Reptile and Amphibian Study merit badge requirements

  1. Describe the identifying characteristics of six species of reptiles and four species of amphibians found in the United States. For any four of these, make sketches from your own observations or take photographs. Show markings, color patterns, or other characteristics that are important in the identification of each of the four species. Discuss the habits and habitats of all 10 species.
  2. Discuss with your merit badge counselor the approximate number of species and general geographic distribution of reptiles and amphibians in the United States. Prepare a list of the most common species found in your local area or state.
  3. Describe the main differences between
    a. Amphibians and reptiles
    b. Alligators and crocodiles
    c. Toads and frogs
    d. Salamanders and lizards
    e. Snakes and lizards
  4. Explain how reptiles and amphibians are an important component of the natural environment. List four species that are officially protected by the federal government or by the state you live in, and tell why each is protected. List three species of reptiles and three species of amphibians found in your local area that are not protected. Discuss the food habits of all 10 species.
  5. Describe how reptiles and amphibians reproduce.
  6. From observation, describe how snakes move forward. Describe the functions of the muscles, ribs, and belly plates.
  7. Describe in detail six venomous snakes and the one venomous lizard found in the United States. Describe their habits and geographic range. Tell what you should do in case of a bite by a venomous species.
  8. Do ONE of the following:
    a. Maintain one or more reptiles or amphibians for at least a month. Record food accepted, eating methods, changes in coloration, shedding of skins, and general habits; or keep the eggs of a reptile from the time of laying until hatching; or keep the eggs of an amphibian from the time of laying until their transformation into tadpoles (frogs) or larvae (salamanders).
    b. Choose a reptile or amphibian that you can observe at a local zoo, aquarium, nature center, or other such exhibit (such as your classroom or school). Study the specimen weekly for a period of three months. At each visit, sketch the specimen in its captive habitat and note any changes in its coloration, shedding of skins, and general habits and behavior. Find out, either from information you locate on your own or by talking to the caretaker, what this species eats and what are its native habitat and home range, preferred climate, average life expectancy, and natural predators. Also identify any human caused threats to its population and any laws that protect the species and its habitat. After the observation period, share what you have learned with your counselor.
  9. Do TWO of the following:
    a. Identify at night three kinds of toads or frogs by their voices. Imitate the song of each for your counselor. Stalk each with a flashlight and discover how each sings and from where.
    b. Identify by sight eight species of reptiles or amphibians.
    c. Using visual aids, give a brief talk to a small group on three different reptiles and amphibians.
  10. Tell five superstitions or false beliefs about reptiles and amphibians and give a correct explanation for each. Give seven examples of unusual behavior or other true facts about reptiles and amphibians.


NOTE: Scouts must not use venomous reptiles in fulfilling requirement 8a. Species listed by federal or state law as endangered, protected, or threatened must not be used as live specimens in completing requirement 8a unless official permission has been given. In most cases all specimens should be returned to the wild at the location of capture after the requirement has been met. Check with your merit badge counselor for those instances where the return of these specimens would not be appropriate.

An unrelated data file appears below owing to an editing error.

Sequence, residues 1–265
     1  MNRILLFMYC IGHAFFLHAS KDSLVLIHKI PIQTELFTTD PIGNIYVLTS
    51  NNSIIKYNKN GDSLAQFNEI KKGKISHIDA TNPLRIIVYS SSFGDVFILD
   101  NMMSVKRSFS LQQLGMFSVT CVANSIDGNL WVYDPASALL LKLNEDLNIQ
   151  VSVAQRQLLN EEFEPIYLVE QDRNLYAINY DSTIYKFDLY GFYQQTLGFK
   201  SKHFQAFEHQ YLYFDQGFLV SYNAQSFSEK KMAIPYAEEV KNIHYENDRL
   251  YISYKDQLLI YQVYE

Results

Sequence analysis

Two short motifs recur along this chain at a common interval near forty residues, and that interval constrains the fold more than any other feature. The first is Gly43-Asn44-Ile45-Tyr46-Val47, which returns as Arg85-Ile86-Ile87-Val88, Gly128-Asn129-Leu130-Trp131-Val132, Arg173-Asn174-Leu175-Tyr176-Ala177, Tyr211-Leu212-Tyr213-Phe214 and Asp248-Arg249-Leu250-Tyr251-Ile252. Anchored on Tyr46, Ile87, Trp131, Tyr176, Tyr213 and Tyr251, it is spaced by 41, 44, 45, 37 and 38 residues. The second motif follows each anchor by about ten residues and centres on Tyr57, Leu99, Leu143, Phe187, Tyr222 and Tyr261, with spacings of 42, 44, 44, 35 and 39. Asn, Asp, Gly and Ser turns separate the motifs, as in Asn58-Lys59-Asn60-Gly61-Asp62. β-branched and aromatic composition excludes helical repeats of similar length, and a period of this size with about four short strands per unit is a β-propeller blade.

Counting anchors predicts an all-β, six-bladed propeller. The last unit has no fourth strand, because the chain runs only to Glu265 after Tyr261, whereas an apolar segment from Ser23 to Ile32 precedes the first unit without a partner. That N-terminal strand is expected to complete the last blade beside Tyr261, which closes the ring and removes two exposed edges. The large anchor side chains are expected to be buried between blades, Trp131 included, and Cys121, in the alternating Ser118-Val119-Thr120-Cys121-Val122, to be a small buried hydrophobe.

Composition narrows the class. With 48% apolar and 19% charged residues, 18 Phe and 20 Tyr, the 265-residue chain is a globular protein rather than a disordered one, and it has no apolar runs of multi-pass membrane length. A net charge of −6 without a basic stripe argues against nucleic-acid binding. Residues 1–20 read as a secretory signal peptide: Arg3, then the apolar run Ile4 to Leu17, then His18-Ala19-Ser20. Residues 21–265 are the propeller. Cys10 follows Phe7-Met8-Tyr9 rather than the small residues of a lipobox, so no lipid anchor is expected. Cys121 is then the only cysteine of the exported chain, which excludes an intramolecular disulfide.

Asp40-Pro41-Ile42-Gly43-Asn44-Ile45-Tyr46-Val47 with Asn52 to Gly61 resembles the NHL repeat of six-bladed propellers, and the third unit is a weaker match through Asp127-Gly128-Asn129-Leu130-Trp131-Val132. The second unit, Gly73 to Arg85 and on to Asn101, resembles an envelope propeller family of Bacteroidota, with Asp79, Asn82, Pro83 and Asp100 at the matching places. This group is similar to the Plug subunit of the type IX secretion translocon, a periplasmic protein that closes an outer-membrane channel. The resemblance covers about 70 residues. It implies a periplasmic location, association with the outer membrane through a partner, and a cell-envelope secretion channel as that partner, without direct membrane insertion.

Under the Endangered Species Act of 1973, some plants and animals are, or may be, protected by federal law. The same ones and/or others may be protected by state law. Be sure that you do not collect protected species.


Your state may require that you purchase and carry a license to collect certain species. Check with the wildlife and fish and game officials in your state regarding species regulations before you begin to collect.

The official source for the information shown in this article or section is:
Boy Scout Requirements, 2014 Edition (BSA Supply No. 33216 - SKU# 619576)

The text of these requirements is locked and can only be edited
by an administrator.
Please note any errors found in the above requirements on this article's Talk Page.


Notes

Worksheet A FREE workbook for Reptile and Amphibian Study is available here! Adobe Acrobat PDF
with the maps, charts, links, diagrams, and checklists you need!
Or click here to print just the Reptile and Amphibian Study requirements.
meritbadge.org has PDF and DOC versions of
Boy Scout merit badge workbooks,
Webelos workbooks, and Cub Scout workbooks.


Requirement resources

2. The blank US map for the general geographic distribution is in the Reptile and Amphibian Study Workbook.
2. Reptile and Amphibian Distribution by State
3a,b,d. The Reptipage: FAQs Differences between reptiles and amphibians; between alligators and crocodiles; and between salamanders and lizards.
3c. The Difference Between Frogs and Toads
3e. Lizards & Snakes Commonalities and Differences in Lizards and Snakes.
4. Protected Reptiles by State
5. Amphibian An amphibian overview, including reproduction.
5. Reptile Reproduction
6. How Snakes Slither New research shows that snakes use friction hooks and weight distribution to propel themselves forward.
7. Venomous Snakes in North America
7. North America's Colorful, Venomous Lizard
9a. Frogs and Toads in Color and Sound
11. Mythunderstandings A collection of reptile and amphibian myths.

Related awards

Ecology-related awards


See also

Boy Scout portal
Varsity Scout portal
Venturing portal
General Merit Badge information


External links